Mining your organization for ideas

By Nicholas D. Evans, Computerworld |  IT Management, innovation

Whether or not your organization has a formal innovation program in place, it's very likely you've already implemented some form of idea management. This could be as simple as an online suggestion box or as sophisticated as an ideas module that's part of a corporate innovation management suite tied to a global initiative.

Recently, the "ideas" topic has been getting renewed attention for a number of reasons. One of them is the number of software vendors adding ideas functionality to their various social and collaboration platforms, thus competing with the more traditional pure-play idea management vendors.

The principles and best practices of managing ideas are fairly well established, so you don't need to start from scratch. Here are 10 best practices that I've gleaned from my own experiences and from participation in a number of innovation consortia, such as the Berkeley Innovation Forum, that may help you with execution:

* Define your scope. Know what kinds of ideas you're after. Are they business-, process- or technology-related? Or all of the above? Are they big-bet, highly disruptive ideas, or more tactical and incremental in nature, or some combination of the two? You may want to define a set of innovation topics or categories to help guide your audience and assist with subsequent routing to appropriate reviewers and stakeholders.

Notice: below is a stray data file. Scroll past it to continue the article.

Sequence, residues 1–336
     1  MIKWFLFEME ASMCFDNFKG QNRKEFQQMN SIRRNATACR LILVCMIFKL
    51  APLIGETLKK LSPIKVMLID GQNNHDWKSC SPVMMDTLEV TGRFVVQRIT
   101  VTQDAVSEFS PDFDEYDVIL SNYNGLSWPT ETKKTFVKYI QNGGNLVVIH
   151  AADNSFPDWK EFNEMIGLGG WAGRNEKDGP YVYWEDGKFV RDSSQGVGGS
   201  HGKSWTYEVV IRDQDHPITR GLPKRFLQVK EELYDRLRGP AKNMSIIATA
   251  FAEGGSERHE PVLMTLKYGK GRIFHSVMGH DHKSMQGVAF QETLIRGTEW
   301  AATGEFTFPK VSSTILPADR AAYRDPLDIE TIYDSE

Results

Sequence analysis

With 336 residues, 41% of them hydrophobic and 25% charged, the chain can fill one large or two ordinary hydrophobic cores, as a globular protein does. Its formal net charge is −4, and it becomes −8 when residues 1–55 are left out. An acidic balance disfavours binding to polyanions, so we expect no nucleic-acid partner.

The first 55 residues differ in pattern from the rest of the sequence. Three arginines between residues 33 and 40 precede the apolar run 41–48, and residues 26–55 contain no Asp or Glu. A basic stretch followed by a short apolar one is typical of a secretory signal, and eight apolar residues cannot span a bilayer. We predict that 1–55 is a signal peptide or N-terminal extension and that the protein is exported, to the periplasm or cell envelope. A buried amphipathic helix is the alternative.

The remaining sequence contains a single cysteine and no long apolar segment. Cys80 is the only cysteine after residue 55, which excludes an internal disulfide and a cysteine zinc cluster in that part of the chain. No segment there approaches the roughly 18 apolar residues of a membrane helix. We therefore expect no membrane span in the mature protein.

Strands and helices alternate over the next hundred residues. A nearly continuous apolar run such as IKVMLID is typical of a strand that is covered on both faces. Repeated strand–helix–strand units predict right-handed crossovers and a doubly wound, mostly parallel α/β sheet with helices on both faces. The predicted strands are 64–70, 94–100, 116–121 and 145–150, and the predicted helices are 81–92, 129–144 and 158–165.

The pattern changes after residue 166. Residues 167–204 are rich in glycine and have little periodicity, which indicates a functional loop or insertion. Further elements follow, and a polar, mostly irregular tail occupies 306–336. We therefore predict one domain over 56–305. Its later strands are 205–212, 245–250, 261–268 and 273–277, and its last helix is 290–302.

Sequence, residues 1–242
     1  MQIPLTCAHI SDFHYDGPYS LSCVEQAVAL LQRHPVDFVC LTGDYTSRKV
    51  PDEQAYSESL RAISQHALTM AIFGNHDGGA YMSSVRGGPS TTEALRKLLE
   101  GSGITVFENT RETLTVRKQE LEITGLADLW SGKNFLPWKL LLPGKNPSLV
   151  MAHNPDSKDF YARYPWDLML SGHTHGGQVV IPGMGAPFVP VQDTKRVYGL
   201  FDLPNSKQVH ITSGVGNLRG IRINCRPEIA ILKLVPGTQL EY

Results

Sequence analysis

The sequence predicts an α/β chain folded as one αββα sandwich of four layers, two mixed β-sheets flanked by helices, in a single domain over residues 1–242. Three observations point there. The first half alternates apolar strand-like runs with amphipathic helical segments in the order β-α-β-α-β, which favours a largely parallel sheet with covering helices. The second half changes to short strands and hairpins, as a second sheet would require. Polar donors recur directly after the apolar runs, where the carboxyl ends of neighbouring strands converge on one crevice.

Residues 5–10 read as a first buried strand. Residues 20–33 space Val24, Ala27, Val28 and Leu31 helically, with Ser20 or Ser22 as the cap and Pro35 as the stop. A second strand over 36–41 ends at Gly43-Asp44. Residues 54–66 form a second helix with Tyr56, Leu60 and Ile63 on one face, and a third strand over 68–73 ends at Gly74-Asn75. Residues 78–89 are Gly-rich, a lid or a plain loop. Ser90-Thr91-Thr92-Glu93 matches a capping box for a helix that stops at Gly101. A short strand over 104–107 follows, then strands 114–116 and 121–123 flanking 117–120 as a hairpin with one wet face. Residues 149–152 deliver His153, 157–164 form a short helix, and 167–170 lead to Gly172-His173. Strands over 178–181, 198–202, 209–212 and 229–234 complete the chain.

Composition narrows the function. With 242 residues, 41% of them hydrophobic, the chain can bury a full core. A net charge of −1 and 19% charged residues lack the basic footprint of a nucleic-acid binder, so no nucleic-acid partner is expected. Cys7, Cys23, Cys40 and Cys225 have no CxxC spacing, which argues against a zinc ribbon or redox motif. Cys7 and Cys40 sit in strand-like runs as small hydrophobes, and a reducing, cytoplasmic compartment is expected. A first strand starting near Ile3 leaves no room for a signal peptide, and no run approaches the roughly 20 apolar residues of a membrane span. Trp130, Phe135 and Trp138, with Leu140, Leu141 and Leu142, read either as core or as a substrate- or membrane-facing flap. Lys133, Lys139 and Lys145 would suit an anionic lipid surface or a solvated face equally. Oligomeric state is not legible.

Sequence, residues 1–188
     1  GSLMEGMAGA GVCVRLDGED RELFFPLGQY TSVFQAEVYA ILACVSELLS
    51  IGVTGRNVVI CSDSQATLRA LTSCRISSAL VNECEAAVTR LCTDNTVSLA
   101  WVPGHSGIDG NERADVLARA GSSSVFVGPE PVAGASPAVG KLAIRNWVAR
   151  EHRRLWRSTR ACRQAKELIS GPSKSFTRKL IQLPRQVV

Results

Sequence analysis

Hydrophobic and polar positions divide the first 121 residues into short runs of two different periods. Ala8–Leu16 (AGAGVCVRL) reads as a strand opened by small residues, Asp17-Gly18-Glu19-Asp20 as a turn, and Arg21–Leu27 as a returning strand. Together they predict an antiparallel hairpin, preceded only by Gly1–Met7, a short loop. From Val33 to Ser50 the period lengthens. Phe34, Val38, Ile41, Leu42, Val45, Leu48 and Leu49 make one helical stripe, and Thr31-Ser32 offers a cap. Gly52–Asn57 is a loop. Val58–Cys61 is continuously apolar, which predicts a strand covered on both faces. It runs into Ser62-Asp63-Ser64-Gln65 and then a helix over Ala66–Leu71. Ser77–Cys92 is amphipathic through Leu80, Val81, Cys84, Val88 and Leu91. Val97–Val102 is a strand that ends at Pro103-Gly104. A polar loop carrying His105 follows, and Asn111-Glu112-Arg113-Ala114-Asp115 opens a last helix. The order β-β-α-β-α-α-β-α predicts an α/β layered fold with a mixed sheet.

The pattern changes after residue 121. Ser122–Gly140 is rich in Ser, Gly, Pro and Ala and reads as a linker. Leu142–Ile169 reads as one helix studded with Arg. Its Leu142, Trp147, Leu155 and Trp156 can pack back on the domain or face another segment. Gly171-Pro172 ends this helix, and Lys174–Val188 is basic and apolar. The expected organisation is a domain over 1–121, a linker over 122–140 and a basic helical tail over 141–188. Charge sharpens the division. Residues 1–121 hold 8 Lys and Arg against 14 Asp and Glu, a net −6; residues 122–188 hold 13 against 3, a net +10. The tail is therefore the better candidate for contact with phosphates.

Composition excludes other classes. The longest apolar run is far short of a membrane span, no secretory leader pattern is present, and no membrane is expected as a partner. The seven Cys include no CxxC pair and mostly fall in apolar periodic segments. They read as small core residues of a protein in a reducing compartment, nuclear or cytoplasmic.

* Know your target communities and innovation roles. While you may have some idea forums that are open to all employees, such as general suggestions, it's important to know your target communities and the types of ideas you want to solicit from each. Determine your "open innovation" strategy and develop a plan for how you'll involve customers and business partners in addition to employees. You may also want to explore the concept of innovation scouts and brokers to see if that model may work in your organization. Basically, scouts and brokers are formally assigned resources who search for opportunities and then direct them to the appropriate parts of the organization.

* Align the process with your organization's sophistication and needs. The level of granularity of your idea-submission forms, as well as the complexity of your business processes for opportunity categorization, prioritization and ultimate investment, needs to be tailored to the maturity of your organization. Start simple to help spur adoption, and then go from there.


Originally published on Computerworld |  Click here to read the original story.
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